I love where I am from. Though I sometimes wake up from some nightmare where we have all forgotten how privileged we are to call this country home. I have thought to myself often, that Batswana should travel, in and outside their physical borders as often as they possibly can. It has helped me to broaden my internal borders to no end. Not to lord it over anyone, just to ... see. and understand how far we've come, to acknowledge that a good thing has been done to, for and by us and to think about the best way forward. In Africa things can change so quickly. One day you are the biggest regional exporter of sugar and a few years later your people are illegal immigrants desperate to work as cheap labour just so they can feed themselves. Its so easy to shift from utopia to dystopia. All you need is one charismatic nutter turning peoples head, a bunch of newspapers propagating unverified hearsay and personal opinion as fact, a few unemployed self entitled twenty something year olds all wanting to be Jay Z, to effectively f everything up. Not on our watch please. Please? Lets all do our part, remain respectful of our differences (just because they are in opinion and not race does not make them less dangerous to ignore or poke at - contra principia negantem non est dispuntandum). Lets talk the way we always have - just perhaps a little faster and little more specifically. It has taken the places we look at and say 'Why can't we have that and that?!' hundreds of years to get to where they are, and sometimes gallons and gallons of blood has been spent-spilt. If one more meeting saves us from a path we'd all regret eventually, lets check our schedules. What else is so important that we can't spend an extra 5 minutes negotiating and navigating our tomorrow.
I am no Abraham Lincoln, but I think of him today - yes because of the movie, but also because I am in Washington DC today where America has just re-elected Barack Obama for a second term in office and I have spent the day taking in this city and its many monuments and memorials. One of which was that Daniel Chester French sculpture (http://en.wikipedia.org/wiki/Lincoln_Memorial) - you know the one you see in the movies, of Abe seated majestically, chimeric countenance in check, loose jointed and taut all in one, a lot on his mind. But I wanted to say that Botswana 'Two score and seven years ago our fathers brought forth on our continent a new nation conceived in Liberty, and dedicated to the proposition that all men are created equal'. And so we find ourselves here today sometimes not knowing where we come from, and how can we possibly know the sum total of our parts and rise above it, our future and move towards it, if we do not know what or who those parts are...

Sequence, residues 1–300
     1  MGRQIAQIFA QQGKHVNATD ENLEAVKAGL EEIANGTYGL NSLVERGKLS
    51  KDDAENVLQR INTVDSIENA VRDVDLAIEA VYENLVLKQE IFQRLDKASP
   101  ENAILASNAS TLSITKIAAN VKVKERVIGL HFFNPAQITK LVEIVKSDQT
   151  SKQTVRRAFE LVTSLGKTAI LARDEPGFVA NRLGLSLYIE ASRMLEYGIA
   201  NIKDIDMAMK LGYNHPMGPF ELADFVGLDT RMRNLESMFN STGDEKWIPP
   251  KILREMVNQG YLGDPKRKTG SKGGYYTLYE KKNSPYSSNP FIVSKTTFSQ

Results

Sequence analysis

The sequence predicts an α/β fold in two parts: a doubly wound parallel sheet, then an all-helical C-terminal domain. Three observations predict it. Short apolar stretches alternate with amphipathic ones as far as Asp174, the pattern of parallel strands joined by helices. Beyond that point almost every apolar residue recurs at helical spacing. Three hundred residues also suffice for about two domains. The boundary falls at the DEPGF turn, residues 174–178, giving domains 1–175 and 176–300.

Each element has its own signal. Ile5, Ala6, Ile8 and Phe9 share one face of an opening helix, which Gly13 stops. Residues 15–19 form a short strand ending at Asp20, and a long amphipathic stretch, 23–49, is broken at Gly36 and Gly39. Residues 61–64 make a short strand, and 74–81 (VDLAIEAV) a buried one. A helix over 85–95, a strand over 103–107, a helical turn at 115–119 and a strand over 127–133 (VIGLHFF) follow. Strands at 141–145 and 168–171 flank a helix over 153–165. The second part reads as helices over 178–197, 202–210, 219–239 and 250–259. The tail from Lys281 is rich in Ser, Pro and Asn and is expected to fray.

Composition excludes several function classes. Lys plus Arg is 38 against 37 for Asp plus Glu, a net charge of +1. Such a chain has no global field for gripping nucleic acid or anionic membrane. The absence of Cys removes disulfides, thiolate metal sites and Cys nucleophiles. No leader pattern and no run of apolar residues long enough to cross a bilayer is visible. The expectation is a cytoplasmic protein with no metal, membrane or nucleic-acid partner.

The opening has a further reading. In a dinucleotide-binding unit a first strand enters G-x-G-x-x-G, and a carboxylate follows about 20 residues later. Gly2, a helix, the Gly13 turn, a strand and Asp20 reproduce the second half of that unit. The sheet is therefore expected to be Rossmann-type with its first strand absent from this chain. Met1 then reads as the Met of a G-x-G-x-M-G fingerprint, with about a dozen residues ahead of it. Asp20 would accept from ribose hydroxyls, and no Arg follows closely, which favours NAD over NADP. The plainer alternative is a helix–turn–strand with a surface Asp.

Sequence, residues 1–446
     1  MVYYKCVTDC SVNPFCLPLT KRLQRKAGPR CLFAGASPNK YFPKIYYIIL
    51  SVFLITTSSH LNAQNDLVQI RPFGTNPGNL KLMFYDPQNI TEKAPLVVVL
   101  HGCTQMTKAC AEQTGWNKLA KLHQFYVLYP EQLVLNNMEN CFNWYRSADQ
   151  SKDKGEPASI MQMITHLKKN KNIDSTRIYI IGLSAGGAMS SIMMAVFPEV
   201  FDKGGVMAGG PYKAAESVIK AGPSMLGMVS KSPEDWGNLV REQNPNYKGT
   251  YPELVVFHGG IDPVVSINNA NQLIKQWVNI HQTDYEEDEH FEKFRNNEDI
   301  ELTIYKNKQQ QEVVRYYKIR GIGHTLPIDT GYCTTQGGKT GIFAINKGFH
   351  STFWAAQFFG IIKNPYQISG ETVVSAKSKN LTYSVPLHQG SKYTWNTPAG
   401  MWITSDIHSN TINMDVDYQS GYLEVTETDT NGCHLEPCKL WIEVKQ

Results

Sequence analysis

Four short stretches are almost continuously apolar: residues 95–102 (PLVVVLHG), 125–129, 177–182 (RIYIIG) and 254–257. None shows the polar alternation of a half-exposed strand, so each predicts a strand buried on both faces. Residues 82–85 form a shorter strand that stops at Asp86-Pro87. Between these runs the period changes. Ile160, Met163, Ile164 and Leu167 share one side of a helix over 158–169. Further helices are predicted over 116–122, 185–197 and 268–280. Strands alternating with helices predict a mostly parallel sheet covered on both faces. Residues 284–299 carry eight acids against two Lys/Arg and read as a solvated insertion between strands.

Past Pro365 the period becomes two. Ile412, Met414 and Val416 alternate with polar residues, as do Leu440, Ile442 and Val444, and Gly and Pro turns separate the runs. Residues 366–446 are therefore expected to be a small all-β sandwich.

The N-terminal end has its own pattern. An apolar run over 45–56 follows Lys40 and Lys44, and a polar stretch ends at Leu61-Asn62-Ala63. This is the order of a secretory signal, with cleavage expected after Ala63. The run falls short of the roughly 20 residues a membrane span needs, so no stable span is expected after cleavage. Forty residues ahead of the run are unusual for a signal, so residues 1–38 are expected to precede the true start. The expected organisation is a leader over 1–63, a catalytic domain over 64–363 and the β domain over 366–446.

Abandoned semi-traditional structure 40 minutes outside the city
A sunset over the Chobe river in Kasane
One of the local hotels
1. We had no capital/ no city within our borders until 1965/66, as a British protectorate our administrative centre was actually in South Africa (Mafikeng if I'm not mistaken)
2. Botswana gained independence in 1966, celebrates it September 30th. We were one of the poorest countries on the continent at that time.
3.The country's eight major tribes all speak Setswana - so actually does (almost?) everyone else, I am Kalanga (not one of the eight) and speak iKalanga as well as Setswana
4. English and Setswana are the official languages of Botswana. Tswana is also 1 of the 11 official languages of South Africa
5. Our former political guests - those British colonists - used to misspell and mispronounce Tswana as Chuana this is why the country was previously called Bechuanaland an attempt at Land of the Batswana.